So what is it all about?


Ben Reymenants Deep Dive
Ben Reymenants Deep Dive

Technical dives may be defined as being dives deeper than about 130 feet (40 m) or dives in an overhead environment with no direct access to the surface or natural light. These environments may include fresh and saltwater caves and the interiors of shipwrecks. In many cases, technical dives also include planned decompression carried out over a number of stages/deco stops during a controlled ascent to the surface at the end of the dive.

The depth-based definition is derived from the fact that breathing regular air while experiencing pressures causes a progressively increasing amount of impairment due to nitrogen narcosis that normally becomes serious at depths of 30 m or greater. Increasing pressure at depth also increases the risk of oxygen toxicity based on the partial pressure of oxygen in the breathing mixture. For this reason, technical diving often includes the use of breathing mixtures other than air.

These factors increase the level of risk and training required for technical diving far beyond that required for recreational diving. This is a fairly conservative definition of technical diving.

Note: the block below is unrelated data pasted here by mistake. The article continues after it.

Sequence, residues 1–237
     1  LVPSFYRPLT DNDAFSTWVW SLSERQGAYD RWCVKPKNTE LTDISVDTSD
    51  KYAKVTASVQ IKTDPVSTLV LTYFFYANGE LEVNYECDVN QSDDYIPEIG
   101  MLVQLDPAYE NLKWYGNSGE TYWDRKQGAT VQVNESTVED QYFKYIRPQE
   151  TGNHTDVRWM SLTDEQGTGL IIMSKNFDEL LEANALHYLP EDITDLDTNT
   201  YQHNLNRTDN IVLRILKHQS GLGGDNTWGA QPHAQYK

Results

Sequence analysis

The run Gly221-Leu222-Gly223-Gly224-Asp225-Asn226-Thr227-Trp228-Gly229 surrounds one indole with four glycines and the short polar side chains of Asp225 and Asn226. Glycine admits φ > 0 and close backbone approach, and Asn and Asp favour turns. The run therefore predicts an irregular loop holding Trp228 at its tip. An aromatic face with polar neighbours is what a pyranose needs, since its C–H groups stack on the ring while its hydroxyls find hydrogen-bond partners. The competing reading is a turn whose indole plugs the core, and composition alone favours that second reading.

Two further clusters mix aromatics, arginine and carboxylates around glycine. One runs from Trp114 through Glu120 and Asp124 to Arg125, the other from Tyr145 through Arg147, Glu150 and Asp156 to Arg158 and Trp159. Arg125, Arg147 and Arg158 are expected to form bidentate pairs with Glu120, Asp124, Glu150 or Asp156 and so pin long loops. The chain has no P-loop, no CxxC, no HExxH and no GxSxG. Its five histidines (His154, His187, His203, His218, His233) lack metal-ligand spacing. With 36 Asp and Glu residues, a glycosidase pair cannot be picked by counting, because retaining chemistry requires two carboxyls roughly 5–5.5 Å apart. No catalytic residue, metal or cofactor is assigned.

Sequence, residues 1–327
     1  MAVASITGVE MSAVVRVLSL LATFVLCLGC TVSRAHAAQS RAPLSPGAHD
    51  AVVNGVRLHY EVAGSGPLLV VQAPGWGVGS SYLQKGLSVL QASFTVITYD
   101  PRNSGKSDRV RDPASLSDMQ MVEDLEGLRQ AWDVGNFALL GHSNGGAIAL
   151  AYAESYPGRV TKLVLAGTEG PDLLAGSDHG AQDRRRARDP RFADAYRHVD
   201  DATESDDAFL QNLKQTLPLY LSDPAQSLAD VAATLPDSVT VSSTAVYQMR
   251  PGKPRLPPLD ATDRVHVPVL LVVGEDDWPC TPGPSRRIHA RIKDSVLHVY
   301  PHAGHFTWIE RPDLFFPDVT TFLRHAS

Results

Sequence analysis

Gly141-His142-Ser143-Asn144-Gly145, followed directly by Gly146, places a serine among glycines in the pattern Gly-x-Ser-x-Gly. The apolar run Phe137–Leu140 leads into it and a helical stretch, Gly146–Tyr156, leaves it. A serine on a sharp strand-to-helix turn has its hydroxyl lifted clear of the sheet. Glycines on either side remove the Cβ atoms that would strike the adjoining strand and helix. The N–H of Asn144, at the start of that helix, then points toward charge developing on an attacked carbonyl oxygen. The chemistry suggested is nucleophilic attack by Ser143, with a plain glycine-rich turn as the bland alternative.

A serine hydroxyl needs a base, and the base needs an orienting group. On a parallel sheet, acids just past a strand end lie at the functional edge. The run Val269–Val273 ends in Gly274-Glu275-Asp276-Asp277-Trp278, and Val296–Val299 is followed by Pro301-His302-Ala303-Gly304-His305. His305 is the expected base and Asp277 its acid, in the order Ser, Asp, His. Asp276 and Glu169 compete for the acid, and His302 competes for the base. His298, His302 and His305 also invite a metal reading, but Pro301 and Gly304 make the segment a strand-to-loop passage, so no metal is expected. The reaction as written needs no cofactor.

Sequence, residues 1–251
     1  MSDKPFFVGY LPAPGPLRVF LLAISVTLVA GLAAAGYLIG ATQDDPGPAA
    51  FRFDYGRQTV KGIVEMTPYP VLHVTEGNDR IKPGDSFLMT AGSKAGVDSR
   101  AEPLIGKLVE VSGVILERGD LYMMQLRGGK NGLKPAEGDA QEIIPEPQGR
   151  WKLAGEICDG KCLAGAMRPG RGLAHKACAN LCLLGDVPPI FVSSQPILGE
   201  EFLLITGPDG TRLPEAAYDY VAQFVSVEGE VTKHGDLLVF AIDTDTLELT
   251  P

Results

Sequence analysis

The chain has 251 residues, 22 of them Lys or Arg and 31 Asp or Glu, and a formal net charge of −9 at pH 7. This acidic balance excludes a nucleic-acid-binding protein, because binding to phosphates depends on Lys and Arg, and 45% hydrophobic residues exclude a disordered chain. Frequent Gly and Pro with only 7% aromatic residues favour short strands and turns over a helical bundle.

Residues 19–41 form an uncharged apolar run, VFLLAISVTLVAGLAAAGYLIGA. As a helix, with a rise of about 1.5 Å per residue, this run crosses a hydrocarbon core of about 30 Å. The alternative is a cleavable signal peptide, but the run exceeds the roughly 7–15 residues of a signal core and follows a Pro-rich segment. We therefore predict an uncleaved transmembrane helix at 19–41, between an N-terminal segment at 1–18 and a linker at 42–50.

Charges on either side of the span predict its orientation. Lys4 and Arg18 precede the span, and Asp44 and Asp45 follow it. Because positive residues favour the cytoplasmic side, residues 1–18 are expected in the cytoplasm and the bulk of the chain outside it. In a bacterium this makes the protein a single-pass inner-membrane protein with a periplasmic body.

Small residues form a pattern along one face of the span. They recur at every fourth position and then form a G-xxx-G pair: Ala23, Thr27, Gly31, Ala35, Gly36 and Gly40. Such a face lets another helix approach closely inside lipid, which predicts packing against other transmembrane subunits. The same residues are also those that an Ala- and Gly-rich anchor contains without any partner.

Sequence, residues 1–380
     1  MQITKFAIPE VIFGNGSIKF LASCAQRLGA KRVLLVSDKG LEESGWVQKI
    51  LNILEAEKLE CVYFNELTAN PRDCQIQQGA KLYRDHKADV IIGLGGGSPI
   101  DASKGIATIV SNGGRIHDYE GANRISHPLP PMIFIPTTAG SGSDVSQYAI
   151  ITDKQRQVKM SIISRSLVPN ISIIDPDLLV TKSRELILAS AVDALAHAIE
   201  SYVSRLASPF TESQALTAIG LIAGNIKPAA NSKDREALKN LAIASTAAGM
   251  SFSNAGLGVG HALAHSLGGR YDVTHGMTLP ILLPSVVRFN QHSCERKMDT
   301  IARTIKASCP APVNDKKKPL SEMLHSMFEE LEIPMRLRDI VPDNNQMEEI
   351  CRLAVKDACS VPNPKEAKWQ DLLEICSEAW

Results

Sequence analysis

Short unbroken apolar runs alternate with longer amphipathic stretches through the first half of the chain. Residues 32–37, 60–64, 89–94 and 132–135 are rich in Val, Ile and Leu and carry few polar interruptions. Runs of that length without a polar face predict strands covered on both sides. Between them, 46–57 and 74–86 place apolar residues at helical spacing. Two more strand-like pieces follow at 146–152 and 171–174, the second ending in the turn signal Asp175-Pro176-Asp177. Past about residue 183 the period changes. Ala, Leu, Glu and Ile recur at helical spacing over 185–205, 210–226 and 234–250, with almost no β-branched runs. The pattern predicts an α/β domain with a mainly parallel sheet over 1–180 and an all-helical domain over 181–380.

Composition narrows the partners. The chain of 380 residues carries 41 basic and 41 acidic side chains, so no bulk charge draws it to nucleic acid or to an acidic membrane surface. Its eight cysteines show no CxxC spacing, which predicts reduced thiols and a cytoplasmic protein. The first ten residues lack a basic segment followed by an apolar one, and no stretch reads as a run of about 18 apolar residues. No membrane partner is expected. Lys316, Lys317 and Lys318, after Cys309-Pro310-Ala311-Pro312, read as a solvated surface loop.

Technical dives may alternatively be defined as dives where the diver cannot safely ascend directly to the surface either due to a mandatory decompression stop or a physical ceiling. This form of diving implies a much larger reliance on redundant equipment and training since the diver must stay underwater until it is safe to ascend or the diver has left the overhead environment.

Physical ceilings

These types of overhead diving can prevent the diver surfacing directly:

  • Cave diving – diving into a cave system.
  • Deep diving – diving into greater depths.
  • Ice diving – diving under ice.
  • Wreck diving – diving inside a shipwreck.

Gasses and why we need Decompression stops

CCR rebreather Diving Wrecks
CCR rebreather Diving Wrecks

A diver at the end of a long or deep dive may need to do decompression stops to avoid decompression sickness, also known as the “bends”. Metabolically inert gases in the diver’s breathing gas, such as nitrogen and helium, are absorbed into body tissues when inhaled under high pressure during the deep phase of the dive. These dissolved gases must be released slowly from body tissues by pausing or “doing deco stops” at various depths during the ascent to the surface.